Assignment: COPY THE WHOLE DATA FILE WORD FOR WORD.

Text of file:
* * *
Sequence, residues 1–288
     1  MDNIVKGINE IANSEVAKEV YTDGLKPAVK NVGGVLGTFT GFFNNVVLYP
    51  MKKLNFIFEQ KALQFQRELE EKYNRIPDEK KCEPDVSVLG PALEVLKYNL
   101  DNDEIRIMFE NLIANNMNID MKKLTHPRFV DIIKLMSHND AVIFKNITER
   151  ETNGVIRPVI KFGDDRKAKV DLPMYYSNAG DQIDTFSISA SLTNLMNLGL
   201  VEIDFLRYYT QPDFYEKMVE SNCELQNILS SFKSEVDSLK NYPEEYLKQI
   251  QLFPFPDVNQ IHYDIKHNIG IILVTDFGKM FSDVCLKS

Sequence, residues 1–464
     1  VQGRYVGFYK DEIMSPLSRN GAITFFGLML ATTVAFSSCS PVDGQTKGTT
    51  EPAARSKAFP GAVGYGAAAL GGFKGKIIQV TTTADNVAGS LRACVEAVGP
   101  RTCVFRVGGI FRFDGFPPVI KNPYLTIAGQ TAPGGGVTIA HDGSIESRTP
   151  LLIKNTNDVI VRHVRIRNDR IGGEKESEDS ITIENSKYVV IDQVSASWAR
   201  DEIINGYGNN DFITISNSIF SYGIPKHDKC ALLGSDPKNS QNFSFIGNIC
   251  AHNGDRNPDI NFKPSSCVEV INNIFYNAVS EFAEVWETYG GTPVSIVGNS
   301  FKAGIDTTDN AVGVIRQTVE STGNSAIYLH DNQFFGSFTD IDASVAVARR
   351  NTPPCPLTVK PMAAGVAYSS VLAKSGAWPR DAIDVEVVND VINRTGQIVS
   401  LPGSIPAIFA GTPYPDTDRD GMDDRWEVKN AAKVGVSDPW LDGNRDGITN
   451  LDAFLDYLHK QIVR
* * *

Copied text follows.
Sequence, residues 1–288
     1  MDNIVKGINE IANSEVAKEV YTDGLKPAVK NVGGVLGTFT GFFNNVVLYP
    51  MKKLNFIFEQ KALQFQRELE EKYNRIPDEK KCEPDVSVLG PALEVLKYNL
   101  DNDEIRIMFE NLIANNMNID MKKLTHPRFV DIIKLMSHND AVIFKNITER
   151  ETNGVIRPVI KFGDDRKAKV DLPMYYSNAG DQIDTFSISA SLTNLMNLGL
   201  VEIDFLRYYT QPDFYEKMVE SNCELQNILS SFKSEVDSLK NYPEEYLKQI
   251  QLFPFPDVNQ IHYDIKHNIG IILVTDFGKM FSDVCLKS

Sequence, residues 1–464
     1  VQGRYVGFYK DEIMSPLSRN GAITFFGLML ATTVAFSSCS PVDGQTKGTT
    51  EPAARSKAFP GAVGYGAAAL GGFKGKIIQV TTTADNVAGS LRACVEAVGP
   101  RTCVFRVGGI FRFDGFPPVI KNPYLTIAGQ TAPGGGVTIA HDGSIESRTP
   151  LLIKNTNDVI VRHVRIRNDR IGGEKESEDS ITIENSKYVV IDQVSASWAR
   201  DEIINGYGNN DFITISNSIF SYGIPKHDKC ALLGSDPKNS QNFSFIGNIC
   251  AHNGDRNPDI NFKPSSCVEV INNIFYNAVS EFAEVWETYG GTPVSIVGNS
   301  FKAGIDTTDN AVGVIRQTVE STGNSAIYLH DNQFFGSFTD IDASVAVARR
   351  NTPPCPLTVK PMAAGVAYSS VLAKSGAWPR DAIDVEVVND VINRTGQIVS
   401  LPGSIPAIFA GTPYPDTDRD GMDDRWEVKN AAKVGVSDPW LDGNRDGITN
   451  LDAFLDYLHK QIVR